Russell Crowe will host a memorial service for his late father John Alexander Crowe on Saturday, June 5.
The Hollywood actor, 57, shared a photo of his 85-year-old father on Twitter and suggested fans donate to the Charlie Teo Foundation instead of sending flowers.
John died suddenly in March aboard a Qantaslink flight from Sydney to Coffs Harbor.
Memorial: Hollywood actor Russell Crowe will host a memorial to his late father John Alexander Crowe on Saturday, June 5. Russell, 57, is pictured in June 2019
In late March, Russell announced the sad news of his father’s death in a series of Twitter posts.
He wrote: ‘I came back to the bush last night. Although the sun is shining today and the torrential rains have abated, this date will forever be dominated by sadness.
‘My dear old man, my beautiful father, the gentlest of all men, has passed away.
Sudden death: John (pictured) died on board a flight from Sydney to Coffs Harbor in March
Helping make a difference: Russell suggested fans donate to the Charlie Teo Foundation instead of sending flowers
Powerful gesture: Dr. Charlie Teo (pictured with his model girlfriend Traci Griffiths in Sydney on May 2) is a renowned brain surgeon
“I’m posting this because I know there are people all over the world whose hearts he touched and whose ribs he tickled with his sparkling eyes and his sassy attitude towards everyone and everything, and this is probably an equally efficient method of getting the news across.”
John Alexander Crowe March 13, 1936 – March 30, 2021 Born in Christchurch, New Zealand. Died in Coffs Harbour, NSW, his home for the last 25 years. Rest in peace.’
Russell’s father was also an inspiration for him to enter the film industry.
The family moved from New Zealand to Sydney when Russell was four years old, while his mother and father Jocelyn made a career as a caterer of films.
Sad news announcement: In late March, Russell announced the sad news of his father’s death in a series of Twitter posts. Pictured in Sydney just days before his death
Besides being part of a catering company with his wife, John also worked as a hotel manager.
Russell got his first ever role when he was six – a one-line performance on the Australian TV series Spyforce – and said he “embarrassed” his parents as a child with his theatricality.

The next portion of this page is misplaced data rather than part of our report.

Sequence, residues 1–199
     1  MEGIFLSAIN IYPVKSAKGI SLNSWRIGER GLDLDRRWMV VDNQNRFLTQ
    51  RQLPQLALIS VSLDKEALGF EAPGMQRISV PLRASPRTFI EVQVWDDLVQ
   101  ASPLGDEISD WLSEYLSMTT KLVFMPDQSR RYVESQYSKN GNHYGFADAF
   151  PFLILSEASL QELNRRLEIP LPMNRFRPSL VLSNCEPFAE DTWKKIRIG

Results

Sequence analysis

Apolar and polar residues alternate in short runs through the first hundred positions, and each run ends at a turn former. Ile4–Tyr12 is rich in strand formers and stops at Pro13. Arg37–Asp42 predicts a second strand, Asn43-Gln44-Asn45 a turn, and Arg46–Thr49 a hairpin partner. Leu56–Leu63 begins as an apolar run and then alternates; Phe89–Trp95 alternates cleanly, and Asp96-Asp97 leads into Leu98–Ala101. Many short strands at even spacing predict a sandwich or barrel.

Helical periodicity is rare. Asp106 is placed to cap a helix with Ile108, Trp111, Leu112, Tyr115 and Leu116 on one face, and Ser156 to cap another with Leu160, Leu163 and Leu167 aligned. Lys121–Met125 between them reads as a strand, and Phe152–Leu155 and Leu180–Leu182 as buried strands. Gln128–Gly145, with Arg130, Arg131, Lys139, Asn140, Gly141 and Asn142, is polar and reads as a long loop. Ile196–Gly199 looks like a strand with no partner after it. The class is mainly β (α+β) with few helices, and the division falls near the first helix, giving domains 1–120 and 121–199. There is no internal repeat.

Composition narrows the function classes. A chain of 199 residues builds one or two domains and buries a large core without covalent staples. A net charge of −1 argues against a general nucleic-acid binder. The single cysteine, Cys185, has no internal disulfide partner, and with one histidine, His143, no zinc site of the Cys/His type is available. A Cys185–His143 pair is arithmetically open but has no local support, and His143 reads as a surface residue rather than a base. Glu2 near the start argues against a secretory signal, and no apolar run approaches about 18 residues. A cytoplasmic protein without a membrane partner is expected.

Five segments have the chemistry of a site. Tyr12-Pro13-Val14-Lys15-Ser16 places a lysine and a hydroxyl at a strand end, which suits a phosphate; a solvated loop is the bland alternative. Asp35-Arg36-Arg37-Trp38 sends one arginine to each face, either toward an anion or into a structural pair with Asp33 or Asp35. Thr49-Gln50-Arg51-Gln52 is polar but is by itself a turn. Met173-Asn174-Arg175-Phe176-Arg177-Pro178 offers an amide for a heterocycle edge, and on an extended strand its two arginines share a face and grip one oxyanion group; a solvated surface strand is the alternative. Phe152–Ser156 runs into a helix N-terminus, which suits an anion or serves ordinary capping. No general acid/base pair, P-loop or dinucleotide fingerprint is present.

While a passion for cinema was in the Crowe family’s DNA, they also enjoyed some more lowbrow entertainment.
The Sum Of Us star revealed in 2009 that the entire family was “obsessed” with the American soap opera Dallas.
Tragic: Russell called his late father ‘the mildest of all men’ in his heartfelt Twitter posts
“We used to all get together on Tuesday evenings and it would be the only night of the week that we were allowed to eat on TV trays in the lounge,” he said at the time.
Russell has always spoken with great fondness of his father – who was the brother of New Zealand cricket champion David Crowe and the uncle of the country’s former cricket captains, Martin and Jeff Crowe.
‘My father conducted his leadership very lightly. He hardly ever raised his voice and he never cursed in front of me until I was 16. He made up words like “troublesome,” the Hollywood superstar told the Daily Mail in an all-encompassing interview in 2016.
“But I never really heard him swear until he taught me to drive, when all of a sudden it was, ‘Russell, take your foot off the damn clutch!’
Family ties: John leaves behind his wife Jocelyn (pictured together in 2005) and sons Terry and Russell. The pair previously worked as caterers on movie sets – no doubt inspiring Russell who later built a career in Hollywood
Bright future: Russell (pictured aged 20 months) got his first ever role when he was six – a one-line performance on the Australian TV series Spyforce – and said he “embarrassed” his parents with his theatricality as a child
He said his father never pressured him and always found a way to pay for everything he needed as a child – be it money for a school trip or cricket shoes.
“He was a resourceful man and I remember buying a stick for $3 at a garage sale once to make me a cricket bat,” he said.
“It was just this ugly old stick, but he got some linseed oil and oiled it, and he went to buy a brightly colored rubber grip for it, and by the time he gave it to me it was beautiful.” I used that cricket bat all my childhood.
“We had very little. My father never let me know right away, but if I stayed up late to listen at the kitchen door, I would hear conversations my parents would have about how they would get money for this or that. It was pretty scary for a little kid,” he said.
Affection: Russell has always spoken of his father with great affection, saying that he never pressured him and always found a way to pay for everything he needed as a child